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Tropp v. Distinctive Pools, Inc.

A-5659-04T1 (N.J. Super. App. Div. 2006) (Unpublished)

CONTRACTORS; LIENS—A construction lien claimant is required to file a discharge of record when the claim has been paid, satisfied , settled or forfeited and failure to do so makes the claimant liable for court costs and attorneys fees.

A dispute arose about the quality of the work and the outstanding balance with respect to the construction of an in-ground swimming pool. The contractor filed a Notice of Unpaid Balance/Right to File Lien Form and a Construction Lien Claim Form with the County Clerk. Both the Notice and Construction Lien were filed too late. The homeowners became aware of the lien while refinancing a mortgage. An accord and satisfaction was reached between the parties and it was memorialized in a letter from the contractor. In full settlement of the outstanding bill, the homeowners, who were professional printers, agreed to pay a fixed sum of money and also print a four-page brochure. The pool contractor agreed to release its lien on the property “once the bill [was] paid.” The money was paid, but the lien was not discharged. When the homeowner again refinanced their mortgage, the lien still appeared of record. The homeowner’s attorney wrote to the contractor, “explaining that the lien was procedurally defective as untimely filed ... and not timely enforced.” The pool contractor’s response was that it would release the lien if the homeowners would agree in writing to print the brochure. The homeowners sued to have the lien discharged and for counsel fees. The lower court looked at the settlement agreement and, finding that no counsel fees had been provided in the settlement agreement, would not award such fees to the homeowners. The homeowners asked for reconsideration, arguing “they were statutorily entitled to counsel fees and costs because the notice and lien claim were filed more than ninety days after the date of last worked performed, ... because [the pool contractor] did not enforce its lien within a year of the last work, ... and because [the pool contractor] did not discharge the lien after the [money] was paid.” The Court again held that the settlement agreement superceded the pool contractor’s “statutory obligation to sue, and because it did not provide for counsel fees, [the homeowners were] not entitled to them.”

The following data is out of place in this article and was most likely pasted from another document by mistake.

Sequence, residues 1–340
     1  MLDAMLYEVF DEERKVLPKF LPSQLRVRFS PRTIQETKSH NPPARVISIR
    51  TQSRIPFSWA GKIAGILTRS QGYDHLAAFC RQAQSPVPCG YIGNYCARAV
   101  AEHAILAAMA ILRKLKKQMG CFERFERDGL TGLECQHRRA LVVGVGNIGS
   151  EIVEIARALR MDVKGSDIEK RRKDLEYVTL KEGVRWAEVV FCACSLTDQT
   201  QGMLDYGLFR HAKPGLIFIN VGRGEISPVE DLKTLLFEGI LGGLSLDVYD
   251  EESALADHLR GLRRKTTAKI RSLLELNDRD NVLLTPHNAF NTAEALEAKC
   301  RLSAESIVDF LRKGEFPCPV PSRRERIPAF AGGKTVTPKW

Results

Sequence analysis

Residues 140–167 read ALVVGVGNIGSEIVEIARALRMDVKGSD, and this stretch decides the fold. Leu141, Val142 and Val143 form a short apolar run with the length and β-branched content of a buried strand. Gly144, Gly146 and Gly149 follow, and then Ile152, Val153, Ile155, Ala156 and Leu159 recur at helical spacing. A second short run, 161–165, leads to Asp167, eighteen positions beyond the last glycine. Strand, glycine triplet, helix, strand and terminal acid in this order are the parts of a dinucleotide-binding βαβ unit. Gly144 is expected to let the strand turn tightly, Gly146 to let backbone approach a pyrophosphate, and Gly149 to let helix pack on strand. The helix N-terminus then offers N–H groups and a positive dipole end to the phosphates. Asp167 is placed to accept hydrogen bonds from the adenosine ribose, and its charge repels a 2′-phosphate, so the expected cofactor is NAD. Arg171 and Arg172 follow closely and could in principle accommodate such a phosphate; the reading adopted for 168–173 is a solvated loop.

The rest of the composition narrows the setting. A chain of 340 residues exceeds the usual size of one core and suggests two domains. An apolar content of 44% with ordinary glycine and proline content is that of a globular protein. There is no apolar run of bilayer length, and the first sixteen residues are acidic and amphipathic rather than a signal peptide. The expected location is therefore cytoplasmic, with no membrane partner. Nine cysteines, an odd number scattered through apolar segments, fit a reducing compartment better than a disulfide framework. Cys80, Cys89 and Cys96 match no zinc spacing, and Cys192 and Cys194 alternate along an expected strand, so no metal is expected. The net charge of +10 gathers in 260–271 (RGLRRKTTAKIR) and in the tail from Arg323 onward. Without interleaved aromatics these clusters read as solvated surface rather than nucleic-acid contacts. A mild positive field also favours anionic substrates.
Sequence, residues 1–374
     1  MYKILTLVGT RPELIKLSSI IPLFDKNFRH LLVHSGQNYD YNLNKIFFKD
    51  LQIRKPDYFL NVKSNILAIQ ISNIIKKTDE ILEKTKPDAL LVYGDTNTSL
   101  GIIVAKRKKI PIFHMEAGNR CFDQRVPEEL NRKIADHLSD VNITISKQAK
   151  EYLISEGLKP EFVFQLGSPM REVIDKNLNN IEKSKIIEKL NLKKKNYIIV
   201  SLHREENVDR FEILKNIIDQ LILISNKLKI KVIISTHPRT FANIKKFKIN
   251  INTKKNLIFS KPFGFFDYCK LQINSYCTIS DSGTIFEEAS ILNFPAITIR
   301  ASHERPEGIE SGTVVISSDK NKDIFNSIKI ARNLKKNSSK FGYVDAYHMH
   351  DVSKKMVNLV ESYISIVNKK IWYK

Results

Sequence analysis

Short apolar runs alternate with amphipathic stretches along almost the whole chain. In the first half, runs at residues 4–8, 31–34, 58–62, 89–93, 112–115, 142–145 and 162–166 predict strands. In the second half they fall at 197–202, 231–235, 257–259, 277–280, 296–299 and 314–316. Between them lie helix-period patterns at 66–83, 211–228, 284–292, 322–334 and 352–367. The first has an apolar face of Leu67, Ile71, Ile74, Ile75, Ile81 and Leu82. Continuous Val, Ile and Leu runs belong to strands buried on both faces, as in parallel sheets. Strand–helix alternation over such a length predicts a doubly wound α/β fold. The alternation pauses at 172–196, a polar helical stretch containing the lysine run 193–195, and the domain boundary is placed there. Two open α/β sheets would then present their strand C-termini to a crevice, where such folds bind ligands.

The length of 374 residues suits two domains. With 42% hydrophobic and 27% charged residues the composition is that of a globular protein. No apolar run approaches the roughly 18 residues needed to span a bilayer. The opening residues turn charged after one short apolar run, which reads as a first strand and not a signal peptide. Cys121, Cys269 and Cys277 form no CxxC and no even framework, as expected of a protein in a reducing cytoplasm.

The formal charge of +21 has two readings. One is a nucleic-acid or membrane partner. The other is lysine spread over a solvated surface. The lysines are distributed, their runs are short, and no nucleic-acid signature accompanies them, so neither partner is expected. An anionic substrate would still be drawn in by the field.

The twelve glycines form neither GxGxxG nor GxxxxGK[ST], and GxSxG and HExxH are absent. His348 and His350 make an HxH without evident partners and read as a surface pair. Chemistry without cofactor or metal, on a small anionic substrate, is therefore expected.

On appeal, the Court believed that even if it “were to construe the settlement agreement as a waiver by [the homeowners] of their right to challenge the defective nature of the notice and lien claim, [the homeowners were] still entitled to [statutory] counsel fees ... based on [the pool contractor’s] failure to discharge the construction lien after receipt of the settlement check.” It felt that if the pool contractor’s “president had considered the brochure to be an integral term of the settlement, she surely would have followed up with the more than two vague phone calls of unidentified dates and would have a submitted a brochure to the [homeowners] for printing. Her inaction undercut[] [the pool contractor’s] position and evidence[d] the minor role that [the pool contractor] considered the brochure to play in the context of the settlement.” A New Jersey statute “requires a lien claimant to file a discharge of record when the claim has been ‘paid, satisfied, or settled by the parties or forfeited by the claimant.’” Failure to do so rendered the lien claimant liable for court costs and counsel fees.

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